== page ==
December 22, 2015 is a day that will remain with me forever, literally, on my face, in my ear and along my jaw. After days of self-diagnosis via Google and the internet, my dermatologist told me Santa arrived early and gifted me with Shingles!
There’s a Batman comic I somewhat remember from my youth in which Batman tricks one of his enemies into thinking that one of his other enemies is plotting against him and so manages to eliminate both problems at the same time.That was essentially the first thing I thought of when I read this article about what could be the new frontier of fighting cancer — using viruses to combat the cancerous tumors.
A common virus, omnipresent in the world. When it infects humans, it does no harm. But introduce it into certain kinds of tumors and the virus appears to go wild, liquefying every cancer cell it comes into contact with. It’s the type of discovery that could change the world.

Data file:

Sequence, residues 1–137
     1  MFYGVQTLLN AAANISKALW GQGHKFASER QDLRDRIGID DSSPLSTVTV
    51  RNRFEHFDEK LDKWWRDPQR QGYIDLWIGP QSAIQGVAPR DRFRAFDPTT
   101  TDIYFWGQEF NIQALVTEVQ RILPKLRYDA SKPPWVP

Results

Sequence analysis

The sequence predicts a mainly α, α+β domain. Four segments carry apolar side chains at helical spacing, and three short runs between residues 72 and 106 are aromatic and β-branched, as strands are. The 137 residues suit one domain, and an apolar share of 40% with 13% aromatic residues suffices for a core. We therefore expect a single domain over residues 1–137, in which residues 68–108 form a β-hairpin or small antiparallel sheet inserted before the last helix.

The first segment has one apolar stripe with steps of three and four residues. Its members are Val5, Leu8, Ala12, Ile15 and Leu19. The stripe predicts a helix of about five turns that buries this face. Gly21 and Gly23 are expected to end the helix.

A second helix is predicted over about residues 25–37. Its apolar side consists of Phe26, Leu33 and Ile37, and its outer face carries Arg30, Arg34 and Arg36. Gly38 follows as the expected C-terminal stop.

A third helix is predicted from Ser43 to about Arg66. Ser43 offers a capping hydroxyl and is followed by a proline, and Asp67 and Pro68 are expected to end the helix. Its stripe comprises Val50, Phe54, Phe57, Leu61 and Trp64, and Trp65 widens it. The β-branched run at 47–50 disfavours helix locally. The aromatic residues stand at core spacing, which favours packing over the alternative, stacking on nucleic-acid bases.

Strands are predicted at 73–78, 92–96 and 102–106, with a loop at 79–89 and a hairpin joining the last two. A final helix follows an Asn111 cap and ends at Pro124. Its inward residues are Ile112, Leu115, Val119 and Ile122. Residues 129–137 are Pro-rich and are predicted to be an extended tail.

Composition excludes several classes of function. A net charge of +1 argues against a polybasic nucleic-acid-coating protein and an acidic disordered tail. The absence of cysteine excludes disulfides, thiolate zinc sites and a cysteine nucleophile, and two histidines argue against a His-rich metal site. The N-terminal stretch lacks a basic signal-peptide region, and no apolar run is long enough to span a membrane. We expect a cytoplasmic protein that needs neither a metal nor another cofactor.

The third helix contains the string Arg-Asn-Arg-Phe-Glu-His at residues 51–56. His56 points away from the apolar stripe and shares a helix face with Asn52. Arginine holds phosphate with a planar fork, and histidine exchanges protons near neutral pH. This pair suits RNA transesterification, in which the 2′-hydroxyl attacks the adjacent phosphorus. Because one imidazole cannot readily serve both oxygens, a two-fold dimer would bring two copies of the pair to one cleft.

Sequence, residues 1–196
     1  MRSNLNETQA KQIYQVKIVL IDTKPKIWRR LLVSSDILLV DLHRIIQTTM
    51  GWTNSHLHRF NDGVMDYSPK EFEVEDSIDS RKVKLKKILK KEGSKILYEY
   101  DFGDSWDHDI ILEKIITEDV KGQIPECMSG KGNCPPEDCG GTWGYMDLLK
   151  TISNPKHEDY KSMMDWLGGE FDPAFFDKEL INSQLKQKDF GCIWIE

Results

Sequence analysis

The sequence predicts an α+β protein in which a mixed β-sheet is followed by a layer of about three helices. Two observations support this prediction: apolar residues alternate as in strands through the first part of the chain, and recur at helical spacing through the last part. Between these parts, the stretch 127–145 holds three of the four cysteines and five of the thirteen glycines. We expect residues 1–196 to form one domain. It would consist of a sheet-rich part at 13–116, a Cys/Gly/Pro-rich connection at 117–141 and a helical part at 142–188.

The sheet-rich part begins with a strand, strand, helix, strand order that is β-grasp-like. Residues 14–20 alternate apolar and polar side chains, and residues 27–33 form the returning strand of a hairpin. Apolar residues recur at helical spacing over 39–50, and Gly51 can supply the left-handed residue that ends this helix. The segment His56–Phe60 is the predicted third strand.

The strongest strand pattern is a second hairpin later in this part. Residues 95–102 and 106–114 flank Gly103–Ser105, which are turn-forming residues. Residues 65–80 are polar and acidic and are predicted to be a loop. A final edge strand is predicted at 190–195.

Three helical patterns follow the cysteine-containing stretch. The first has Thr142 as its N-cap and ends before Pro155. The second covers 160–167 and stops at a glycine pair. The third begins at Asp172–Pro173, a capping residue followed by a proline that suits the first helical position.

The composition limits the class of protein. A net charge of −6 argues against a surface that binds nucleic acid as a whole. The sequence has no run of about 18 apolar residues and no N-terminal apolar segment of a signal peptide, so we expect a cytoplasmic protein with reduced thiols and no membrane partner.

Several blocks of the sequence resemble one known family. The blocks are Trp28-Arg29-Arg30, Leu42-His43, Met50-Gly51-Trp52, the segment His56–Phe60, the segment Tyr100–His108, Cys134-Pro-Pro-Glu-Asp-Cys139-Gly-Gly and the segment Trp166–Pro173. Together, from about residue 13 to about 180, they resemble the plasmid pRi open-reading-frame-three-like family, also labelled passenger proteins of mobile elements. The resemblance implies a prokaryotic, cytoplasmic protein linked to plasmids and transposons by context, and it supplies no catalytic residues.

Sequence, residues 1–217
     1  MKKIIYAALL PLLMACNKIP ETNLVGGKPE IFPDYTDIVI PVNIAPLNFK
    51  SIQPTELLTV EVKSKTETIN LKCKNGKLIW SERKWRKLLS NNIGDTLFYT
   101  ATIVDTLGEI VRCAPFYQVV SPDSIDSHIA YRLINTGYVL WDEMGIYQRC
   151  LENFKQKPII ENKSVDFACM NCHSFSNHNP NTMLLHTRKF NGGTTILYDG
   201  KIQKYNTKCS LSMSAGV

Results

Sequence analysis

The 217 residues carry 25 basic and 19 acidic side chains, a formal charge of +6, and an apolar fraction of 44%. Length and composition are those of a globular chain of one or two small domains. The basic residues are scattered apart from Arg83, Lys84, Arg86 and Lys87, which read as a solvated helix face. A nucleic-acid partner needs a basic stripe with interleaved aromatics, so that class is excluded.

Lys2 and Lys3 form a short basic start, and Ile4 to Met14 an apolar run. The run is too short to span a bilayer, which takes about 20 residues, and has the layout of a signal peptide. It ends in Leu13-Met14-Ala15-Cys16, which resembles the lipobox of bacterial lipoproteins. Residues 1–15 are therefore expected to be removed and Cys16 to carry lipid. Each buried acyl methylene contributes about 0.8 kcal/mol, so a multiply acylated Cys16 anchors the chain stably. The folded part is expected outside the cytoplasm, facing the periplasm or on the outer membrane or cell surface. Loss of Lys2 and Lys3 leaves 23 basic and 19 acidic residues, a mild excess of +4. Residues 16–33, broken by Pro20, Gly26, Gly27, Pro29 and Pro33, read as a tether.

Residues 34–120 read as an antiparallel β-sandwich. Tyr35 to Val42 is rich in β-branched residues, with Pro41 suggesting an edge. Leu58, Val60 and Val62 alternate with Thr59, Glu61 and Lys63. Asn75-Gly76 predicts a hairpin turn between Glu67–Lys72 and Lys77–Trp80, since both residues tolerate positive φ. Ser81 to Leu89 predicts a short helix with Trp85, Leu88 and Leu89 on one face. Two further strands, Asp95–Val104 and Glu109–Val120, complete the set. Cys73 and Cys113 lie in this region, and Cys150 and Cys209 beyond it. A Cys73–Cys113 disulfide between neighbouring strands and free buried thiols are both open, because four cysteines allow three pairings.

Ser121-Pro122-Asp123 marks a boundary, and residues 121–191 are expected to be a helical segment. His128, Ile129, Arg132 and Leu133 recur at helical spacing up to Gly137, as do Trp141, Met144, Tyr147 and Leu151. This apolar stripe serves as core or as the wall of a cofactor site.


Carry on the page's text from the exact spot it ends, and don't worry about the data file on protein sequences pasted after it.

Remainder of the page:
We are known for our monkey love and for our Lucy love; but yesterday the University of Southern California Davis School of Gerontology revealed the reason we are able to outlive our ape relatives: We have a meat-adaptive gene and they do not.